Producers of Call The Midwife have been ‘bombarded’ by new parents – and even expectant mothers – who want their babies to appear in the drama.
Heidi Thomas, who wrote the BBC1 series based on the memoirs of the late Jennifer Worth, said that it had been a challenge finding babies for the first run. But she said that the situation had changed since the TV drama, now in its second series, screened to record viewers.
Heidi told the Radio Times: “Newborn babies tend not to be on the books of modelling agencies, so we recruit them directly from maternity wings of local hospitals. “During the first series, Call The Midwife was unknown to the masses, and we sometimes struggled to explain what we were up to. “Second time around we’ve been bombarded, with some expectant mothers calling us direct and emailing photographs. “Nobody has actually sent us their scan pictures yet, but it’s only a matter of time.”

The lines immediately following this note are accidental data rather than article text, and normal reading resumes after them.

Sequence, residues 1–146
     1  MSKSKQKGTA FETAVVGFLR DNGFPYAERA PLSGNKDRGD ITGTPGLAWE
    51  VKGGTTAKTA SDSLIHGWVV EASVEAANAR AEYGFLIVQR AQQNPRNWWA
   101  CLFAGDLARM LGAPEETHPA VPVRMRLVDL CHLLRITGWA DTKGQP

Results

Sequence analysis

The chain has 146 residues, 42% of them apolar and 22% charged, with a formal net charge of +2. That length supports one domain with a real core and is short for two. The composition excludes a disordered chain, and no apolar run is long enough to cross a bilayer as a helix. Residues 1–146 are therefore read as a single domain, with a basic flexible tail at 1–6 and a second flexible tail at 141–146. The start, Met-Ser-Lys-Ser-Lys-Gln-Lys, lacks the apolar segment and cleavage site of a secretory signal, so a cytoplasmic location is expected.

Heidi, whose credits also include the TV adaptation of Cranford and the recent series of Upstairs Downstairs, said some babies are ‘massaged with pure grapeseed oil and “bloodied” with a sugar-based red colouring to look fresh from the womb’ – others have been coated with a paste of Sudocrem and oil.
She said of the difficulty in booking babies for roles when they are as young as possible: “Second assistant director Ben Rogers and his team try to get one step ahead by booking babies in advance of their due date, but Mother Nature has no respect for filming schedules. We’re often undone by them arriving early or too late.”